For a seeming eternity motoring writers have been guiding families away from medium SUV models and towards traditional wagons. They are always lighter, more compact on the outside yet roomier inside, with stronger performance, superior economy and more standard features for the equivalent spend – without exception.
Need an example?
Both the Honda CR-V and Nissan X-Trail are available in five-seat, front-wheel drive automatic versions from just over $30,000 plus on-road costs. But a Volkswagen Golf wagon will deliver all the greater virtues listed above for $29,990 driveaway.
As tested here, however, the Honda and Nissan each have a couple of tricks up their sleeves. The CR-V VTi-L and X-Trail ST-L are both priced between $38,000 and $39,000 plus on-road costs, and they offer something the Golf wagon or most other medium SUV rivals cannot – the inclusion of seven seats as standard.
The VTi-L and ST-L also happen to be among the roomiest and best-equipped medium SUV models for the price. Even without a third-row of seats, then, there could be reasons to choose between this duo if a ‘daggy’ wagon has been ruled out.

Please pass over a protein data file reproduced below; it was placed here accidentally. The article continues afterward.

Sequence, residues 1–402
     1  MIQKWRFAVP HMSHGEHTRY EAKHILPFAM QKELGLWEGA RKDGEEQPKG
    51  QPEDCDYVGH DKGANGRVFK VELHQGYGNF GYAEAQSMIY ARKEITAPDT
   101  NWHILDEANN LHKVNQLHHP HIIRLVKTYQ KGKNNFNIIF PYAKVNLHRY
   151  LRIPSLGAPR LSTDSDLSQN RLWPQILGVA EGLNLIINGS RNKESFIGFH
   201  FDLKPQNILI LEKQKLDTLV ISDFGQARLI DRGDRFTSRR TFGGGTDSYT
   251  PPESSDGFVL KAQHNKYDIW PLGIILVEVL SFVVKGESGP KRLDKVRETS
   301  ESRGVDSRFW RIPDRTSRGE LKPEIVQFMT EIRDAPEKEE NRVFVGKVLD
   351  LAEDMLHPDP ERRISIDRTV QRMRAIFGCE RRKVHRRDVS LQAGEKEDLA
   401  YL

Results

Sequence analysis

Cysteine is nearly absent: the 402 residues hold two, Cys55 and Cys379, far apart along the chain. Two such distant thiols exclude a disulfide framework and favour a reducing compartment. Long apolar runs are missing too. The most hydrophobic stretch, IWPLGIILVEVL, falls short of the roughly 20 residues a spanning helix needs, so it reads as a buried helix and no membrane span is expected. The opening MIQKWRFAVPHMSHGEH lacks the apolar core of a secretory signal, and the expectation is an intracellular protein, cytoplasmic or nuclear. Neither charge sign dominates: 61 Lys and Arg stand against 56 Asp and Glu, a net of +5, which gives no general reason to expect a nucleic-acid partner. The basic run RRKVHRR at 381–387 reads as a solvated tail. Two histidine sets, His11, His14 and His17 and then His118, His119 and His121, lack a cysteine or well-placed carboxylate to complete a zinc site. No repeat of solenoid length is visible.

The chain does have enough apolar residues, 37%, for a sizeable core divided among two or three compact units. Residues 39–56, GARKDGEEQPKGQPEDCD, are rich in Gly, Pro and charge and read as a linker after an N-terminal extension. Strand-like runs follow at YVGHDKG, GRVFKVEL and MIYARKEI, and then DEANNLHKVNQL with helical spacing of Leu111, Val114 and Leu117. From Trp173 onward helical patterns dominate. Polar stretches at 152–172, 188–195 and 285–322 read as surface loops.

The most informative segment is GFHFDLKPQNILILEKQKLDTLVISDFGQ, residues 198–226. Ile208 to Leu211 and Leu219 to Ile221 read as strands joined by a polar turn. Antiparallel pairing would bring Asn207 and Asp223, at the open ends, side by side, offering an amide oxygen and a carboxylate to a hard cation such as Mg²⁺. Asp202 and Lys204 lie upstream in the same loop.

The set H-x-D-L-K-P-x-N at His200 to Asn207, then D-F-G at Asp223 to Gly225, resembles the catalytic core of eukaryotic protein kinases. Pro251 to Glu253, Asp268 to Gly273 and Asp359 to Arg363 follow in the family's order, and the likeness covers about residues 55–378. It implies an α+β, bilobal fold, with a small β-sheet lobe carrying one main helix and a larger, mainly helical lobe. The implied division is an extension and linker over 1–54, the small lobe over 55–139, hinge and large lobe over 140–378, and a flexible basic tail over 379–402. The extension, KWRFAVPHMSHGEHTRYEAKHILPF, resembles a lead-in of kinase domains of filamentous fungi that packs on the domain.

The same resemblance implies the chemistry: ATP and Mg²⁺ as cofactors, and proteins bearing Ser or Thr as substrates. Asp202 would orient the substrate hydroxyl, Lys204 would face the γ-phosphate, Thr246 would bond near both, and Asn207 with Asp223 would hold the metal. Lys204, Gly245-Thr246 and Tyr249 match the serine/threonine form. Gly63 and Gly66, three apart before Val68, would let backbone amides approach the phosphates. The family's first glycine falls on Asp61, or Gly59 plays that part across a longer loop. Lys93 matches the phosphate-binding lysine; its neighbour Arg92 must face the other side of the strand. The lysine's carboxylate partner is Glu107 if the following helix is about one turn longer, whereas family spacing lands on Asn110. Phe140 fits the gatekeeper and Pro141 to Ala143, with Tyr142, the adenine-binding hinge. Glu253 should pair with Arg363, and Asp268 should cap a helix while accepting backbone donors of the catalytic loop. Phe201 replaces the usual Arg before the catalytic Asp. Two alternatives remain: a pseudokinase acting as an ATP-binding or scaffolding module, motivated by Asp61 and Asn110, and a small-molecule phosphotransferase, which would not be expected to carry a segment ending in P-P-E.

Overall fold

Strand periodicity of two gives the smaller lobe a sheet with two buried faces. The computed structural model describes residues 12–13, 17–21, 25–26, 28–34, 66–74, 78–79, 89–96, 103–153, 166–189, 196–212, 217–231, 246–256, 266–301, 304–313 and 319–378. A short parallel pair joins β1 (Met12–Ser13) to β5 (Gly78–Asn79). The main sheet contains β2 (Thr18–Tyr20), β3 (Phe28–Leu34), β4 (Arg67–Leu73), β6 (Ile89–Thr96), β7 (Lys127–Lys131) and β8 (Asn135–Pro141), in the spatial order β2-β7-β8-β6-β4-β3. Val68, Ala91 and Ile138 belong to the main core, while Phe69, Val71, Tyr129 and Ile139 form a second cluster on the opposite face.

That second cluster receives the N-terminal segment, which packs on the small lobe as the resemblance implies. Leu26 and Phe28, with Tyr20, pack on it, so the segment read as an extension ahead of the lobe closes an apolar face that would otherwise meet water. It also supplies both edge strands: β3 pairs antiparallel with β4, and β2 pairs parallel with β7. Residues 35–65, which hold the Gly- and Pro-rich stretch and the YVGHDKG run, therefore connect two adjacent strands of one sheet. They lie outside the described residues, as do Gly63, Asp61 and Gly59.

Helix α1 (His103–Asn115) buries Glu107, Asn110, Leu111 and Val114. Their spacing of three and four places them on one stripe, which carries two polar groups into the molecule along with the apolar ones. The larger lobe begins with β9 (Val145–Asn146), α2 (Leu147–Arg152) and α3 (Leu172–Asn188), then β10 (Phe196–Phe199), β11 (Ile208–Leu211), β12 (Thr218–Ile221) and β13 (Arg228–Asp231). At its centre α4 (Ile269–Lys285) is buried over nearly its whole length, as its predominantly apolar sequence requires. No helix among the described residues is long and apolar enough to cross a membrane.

Honda CR-V VTi-L ($38,990 plus on-road costs)
- 140kW/240Nm 1.5-litre turbo 4cyl | automatic CVT
- Fuel use claimed: 7.3l/100km | tested: 8.8/100km
Nissan X-Trail ST-L ($38,090 plus on-road costs)
- 126kW/226Nm 2.5-litre petrol 4cyl | automatic CVT
- Fuel use claimed: 8.1l/100km | tested: 10.1l/100km
The fifth-generation Honda CR-V is the newest contender here, released in mid-2017 with a 1.5-litre turbocharged four-cylinder petrol-only range. The VTi-L is the only model grade available with seven seats, priced from $38,990 plus on-road costs.
Although the Nissan X-Trail is older, having been released in late 2013, this facelifted version has been freshly unveiled. A 2.5-litre non-turbo four-cylinder petrol engine remains the only option for both of the available seven-seat model grades, including the ST from $31,990 (plus orc) and ST-L, as tested here, from $38,090 (plus orc).
An automatic continuously-variable transmission (CVT) is standard on both Honda and Nissan seven-seaters, while all-wheel drive is not available. Forget off-roading, then, because this duo send power to the front wheels only.